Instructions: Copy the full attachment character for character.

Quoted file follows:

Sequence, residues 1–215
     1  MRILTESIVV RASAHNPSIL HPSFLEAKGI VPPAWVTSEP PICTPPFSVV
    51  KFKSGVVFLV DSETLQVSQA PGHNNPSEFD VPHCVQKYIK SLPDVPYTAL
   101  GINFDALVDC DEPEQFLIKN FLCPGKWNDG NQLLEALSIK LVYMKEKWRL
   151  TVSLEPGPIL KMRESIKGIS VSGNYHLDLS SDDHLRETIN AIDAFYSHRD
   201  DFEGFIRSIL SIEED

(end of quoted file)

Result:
Sequence, residues 1–215
     1  MRILTESIVV RASAHNPSIL HPSFLEAKGI VPPAWVTSEP PICTPPFSVV
    51  KFKSGVVFLV DSETLQVSQA PGHNNPSEFD VPHCVQKYIK SLPDVPYTAL
   101  GINFDALVDC DEPEQFLIKN FLCPGKWNDG NQLLEALSIK LVYMKEKWRL
   151  TVSLEPGPIL KMRESIKGIS VSGNYHLDLS SDDHLRETIN AIDAFYSHRD
   201  DFEGFIRSIL SIEED